Fathom Five National Marine Park

Canadian province Ontario is relatively flat and does not have any high mountains like the ones in Alberta, British Columbia or even Quebec...

Canadian province Ontario is relatively flat and does not have any high mountains like the ones in Alberta, British Columbia or even Quebec. However, it holds some of the greatest natural treasures in Canada, almost all of them are connected with fresh water. Fathom Five National Marine Park, a federally protected area of Lake Huron north of Tobermory, Ontario is one of those treasures worth visiting. It was the first stop of our summer expedition in Ontario in summer 2015. 

Fathom is a unit of water depth and equals to six feet (approximately 1.8 m). The park's name is based on the Shakespeare's play 'The Tempest': 

"...Full fathom five thy father lies; 
Of his bones are coral made; 
Those are pearls that were his eyes: 
Nothing of him that doth fade..."
The park consists of a number of islands near Tobermory, a northernmost tip of the Bruce Peninsula with the visitor's centre, observation tower and a few hiking trails. 
The view from the observation tower.
Huron is the second-largest Great Lake and has some 30 000 islands. One of them - Manitoulin Island - is the largest freshwater island on the planet. Lake Huron was the first of Great Lakes discovered by early European explorers (French voyageurs). 
Bruce Peninsula divides Lake Huron and its largest bay - Georgian Bay (pictured below) which is sometimes considered to be the sixth of the Great Lakes.
Not always is Lake Huron so calm and undisturbed by large waves. Sometimes it can be brutal. In one of my next articles, I'll tell a story about a deadly storm on the Great Lakes happened in 1913.
Crystal clear water and a bunch of shipwrecks attract divers to the park every summer.
The highlight of the park is Flowerpot Island where you can get by boat, however kayaking or canoeing is also possible. A couple of local boat companies operate in the area. We chose Blue Heron Cruises which has larger glass bottom boats and faster jet boats. Both are fun, however it gets busy on summer weekends, so make sure you book a tour in advance.
Big Tub is a harbor in Tobermory with two shipwrecks and a row of million dollar waterfront cottages.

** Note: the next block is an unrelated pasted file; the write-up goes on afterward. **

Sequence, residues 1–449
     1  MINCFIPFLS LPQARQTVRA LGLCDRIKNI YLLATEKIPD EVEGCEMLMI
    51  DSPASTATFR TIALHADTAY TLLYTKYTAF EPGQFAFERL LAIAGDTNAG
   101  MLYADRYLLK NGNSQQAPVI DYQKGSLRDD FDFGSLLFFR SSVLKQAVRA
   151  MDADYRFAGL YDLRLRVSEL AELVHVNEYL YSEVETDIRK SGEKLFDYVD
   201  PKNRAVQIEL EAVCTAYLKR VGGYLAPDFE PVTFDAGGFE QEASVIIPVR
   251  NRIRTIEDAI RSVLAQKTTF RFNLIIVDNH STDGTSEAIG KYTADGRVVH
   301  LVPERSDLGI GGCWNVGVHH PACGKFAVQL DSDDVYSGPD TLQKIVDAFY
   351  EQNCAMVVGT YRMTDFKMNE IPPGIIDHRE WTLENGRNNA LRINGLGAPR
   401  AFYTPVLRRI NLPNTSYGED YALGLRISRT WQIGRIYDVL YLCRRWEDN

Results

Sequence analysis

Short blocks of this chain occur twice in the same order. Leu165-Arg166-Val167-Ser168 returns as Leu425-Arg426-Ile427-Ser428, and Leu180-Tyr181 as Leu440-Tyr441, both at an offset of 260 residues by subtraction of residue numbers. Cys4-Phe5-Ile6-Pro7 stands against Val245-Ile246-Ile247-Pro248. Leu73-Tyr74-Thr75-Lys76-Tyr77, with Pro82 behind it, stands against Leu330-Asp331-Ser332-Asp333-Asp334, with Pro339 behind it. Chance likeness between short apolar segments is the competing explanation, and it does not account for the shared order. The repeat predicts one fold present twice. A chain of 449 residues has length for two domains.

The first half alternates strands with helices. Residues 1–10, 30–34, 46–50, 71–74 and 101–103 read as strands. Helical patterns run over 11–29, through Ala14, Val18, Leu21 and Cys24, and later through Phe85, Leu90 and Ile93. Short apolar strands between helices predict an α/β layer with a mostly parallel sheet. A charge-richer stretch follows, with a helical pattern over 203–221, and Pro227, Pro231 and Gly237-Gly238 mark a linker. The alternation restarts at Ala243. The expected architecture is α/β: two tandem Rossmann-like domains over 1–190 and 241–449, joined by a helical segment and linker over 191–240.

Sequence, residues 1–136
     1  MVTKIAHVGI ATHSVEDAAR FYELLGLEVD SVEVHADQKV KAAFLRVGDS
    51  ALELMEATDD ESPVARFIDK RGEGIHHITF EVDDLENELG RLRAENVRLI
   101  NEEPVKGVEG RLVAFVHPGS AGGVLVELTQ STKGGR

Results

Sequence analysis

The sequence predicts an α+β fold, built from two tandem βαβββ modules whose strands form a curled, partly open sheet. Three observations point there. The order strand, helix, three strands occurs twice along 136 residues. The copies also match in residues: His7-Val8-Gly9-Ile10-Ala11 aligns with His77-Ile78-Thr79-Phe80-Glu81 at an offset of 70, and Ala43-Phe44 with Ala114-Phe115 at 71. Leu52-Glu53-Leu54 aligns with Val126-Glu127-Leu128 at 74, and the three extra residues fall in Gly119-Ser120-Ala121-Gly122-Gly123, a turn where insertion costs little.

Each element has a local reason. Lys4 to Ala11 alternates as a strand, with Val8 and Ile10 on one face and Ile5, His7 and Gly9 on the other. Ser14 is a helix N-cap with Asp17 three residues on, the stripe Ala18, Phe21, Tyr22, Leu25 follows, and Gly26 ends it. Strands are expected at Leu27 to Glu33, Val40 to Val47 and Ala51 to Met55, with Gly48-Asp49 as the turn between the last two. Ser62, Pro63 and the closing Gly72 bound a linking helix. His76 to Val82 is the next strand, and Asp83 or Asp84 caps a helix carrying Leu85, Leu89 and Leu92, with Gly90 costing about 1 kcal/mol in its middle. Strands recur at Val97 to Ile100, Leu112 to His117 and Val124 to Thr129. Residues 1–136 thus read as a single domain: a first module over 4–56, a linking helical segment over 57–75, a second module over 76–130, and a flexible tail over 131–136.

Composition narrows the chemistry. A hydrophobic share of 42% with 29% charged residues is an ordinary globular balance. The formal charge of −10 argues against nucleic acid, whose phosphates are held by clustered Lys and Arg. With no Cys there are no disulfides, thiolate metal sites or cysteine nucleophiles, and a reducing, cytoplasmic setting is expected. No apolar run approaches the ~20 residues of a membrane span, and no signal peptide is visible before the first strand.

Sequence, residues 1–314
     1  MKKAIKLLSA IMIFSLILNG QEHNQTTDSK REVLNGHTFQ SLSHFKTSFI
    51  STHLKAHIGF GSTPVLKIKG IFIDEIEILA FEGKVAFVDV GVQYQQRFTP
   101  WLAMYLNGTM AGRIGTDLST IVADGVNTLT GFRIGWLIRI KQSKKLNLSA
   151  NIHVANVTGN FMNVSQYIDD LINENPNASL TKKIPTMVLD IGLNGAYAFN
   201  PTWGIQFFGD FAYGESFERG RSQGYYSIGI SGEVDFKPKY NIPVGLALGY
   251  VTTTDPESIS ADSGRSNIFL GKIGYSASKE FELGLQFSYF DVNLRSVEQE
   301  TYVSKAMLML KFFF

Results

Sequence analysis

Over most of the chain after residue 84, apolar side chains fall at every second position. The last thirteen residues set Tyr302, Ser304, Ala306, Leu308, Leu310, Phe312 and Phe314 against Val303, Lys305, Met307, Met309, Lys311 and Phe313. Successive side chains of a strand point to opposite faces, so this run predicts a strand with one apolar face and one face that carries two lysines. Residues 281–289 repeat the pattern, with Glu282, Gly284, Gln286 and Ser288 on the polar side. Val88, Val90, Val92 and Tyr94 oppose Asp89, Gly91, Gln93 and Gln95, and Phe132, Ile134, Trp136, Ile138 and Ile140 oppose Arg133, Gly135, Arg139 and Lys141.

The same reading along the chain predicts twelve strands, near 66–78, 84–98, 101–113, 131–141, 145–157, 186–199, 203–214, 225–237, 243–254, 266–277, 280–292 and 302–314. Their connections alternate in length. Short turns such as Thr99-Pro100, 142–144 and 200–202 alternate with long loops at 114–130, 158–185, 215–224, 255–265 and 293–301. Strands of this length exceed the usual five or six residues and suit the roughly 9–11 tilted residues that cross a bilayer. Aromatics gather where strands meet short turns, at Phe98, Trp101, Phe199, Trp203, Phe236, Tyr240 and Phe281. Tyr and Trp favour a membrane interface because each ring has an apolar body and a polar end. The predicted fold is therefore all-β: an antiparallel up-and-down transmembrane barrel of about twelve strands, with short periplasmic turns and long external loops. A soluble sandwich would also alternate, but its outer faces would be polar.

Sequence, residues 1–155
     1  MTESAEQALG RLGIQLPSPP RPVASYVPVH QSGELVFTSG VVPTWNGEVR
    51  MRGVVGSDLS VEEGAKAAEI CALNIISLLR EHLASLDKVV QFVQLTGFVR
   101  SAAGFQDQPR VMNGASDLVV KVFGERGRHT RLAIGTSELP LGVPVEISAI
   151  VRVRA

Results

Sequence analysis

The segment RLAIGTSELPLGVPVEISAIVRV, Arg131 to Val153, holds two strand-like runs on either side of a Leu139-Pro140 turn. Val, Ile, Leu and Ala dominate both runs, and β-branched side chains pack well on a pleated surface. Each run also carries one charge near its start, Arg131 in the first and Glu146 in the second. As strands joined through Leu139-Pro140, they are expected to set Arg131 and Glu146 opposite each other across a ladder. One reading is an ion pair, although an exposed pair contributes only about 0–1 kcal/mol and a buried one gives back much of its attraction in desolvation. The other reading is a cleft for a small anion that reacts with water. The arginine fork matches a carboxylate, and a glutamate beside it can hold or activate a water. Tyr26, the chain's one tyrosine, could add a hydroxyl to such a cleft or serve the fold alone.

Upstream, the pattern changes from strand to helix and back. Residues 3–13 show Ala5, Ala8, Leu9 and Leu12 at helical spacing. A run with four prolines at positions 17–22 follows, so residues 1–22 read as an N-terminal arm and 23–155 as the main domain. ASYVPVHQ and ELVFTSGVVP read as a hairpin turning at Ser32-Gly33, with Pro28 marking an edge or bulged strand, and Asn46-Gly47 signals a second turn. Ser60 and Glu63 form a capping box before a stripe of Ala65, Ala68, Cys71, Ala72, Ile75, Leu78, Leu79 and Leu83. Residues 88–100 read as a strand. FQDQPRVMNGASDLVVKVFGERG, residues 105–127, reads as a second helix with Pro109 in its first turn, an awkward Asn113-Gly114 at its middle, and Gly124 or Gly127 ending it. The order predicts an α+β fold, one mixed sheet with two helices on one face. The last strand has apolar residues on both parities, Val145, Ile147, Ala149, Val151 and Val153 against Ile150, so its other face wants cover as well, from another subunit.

Two shipwrecks are Sweepstakes (sunken in 1885) and City of Grand Rapids (burnt and sunken in 1907). 
I highly recommend you take a boat tour with Big Tub as it's an incredible experience. Every day after 5 pm and on Sundays till noon, Big Tub is closed for motor boats so that divers and snorkelers can enjoy shipwrecks as well.  
A small beach at the Big Tub lighthouse (build in 1885) is also a great place to dive and snorkel.
Flowerpot Island with its dolomite walls as seen from the lake. Dolomite is a common rock-forming mineral deposited over time with plants and animals. Can you imagine these rocks are made of shells, corals and trees, and not with a lava as it often happens in nature?
First 'flower pot' appeared on the left.
A second one.
Our boat arrives at the artificial harbor where we are about to start exploring the island.
There is primitive camping with very limited facilities for those who want to stay overnight. Also, there are two hiking trails, neither of which did we make.
These flowerpots are made of an extremely fragile sedimentary rock, so it's forbidden to climb them. Not everyone understands it though. This man climbed down only after I took a picture of him and promised to complain to the park's staff. Unfortunately, Fathom Five National Marine Park, like many other parks in North America, is a victim of mass tourism and too accessible to random people like this feller.
The top of the flower pot was asphalted to save it from moldering.
Flower pot is an open book of a geologist. All these layers took thousands of years to form. 
You may be wondering how these flower pots appeared here. At the end of the latest ice age (10-12 thousand years ago), the water level was above the flower pot. Over time, the water was receding and baring the bottom of the lake. Waves as well as wind and ice flushed out softer rocks from the soil forming these free standing flower pots (happened to be made of harder rocks). 
One of the trails on the island.
Majestic forest.
It's so unusual to see this turquoise-colored water in Canada. 
White cedar trees, one of the oldest trees in Ontario are abundant here.
This cave is also flushed out by water, wind and ice.
Can you spot the pig's face?
Getting back on the big land.

My other posts from the trip across Ontario

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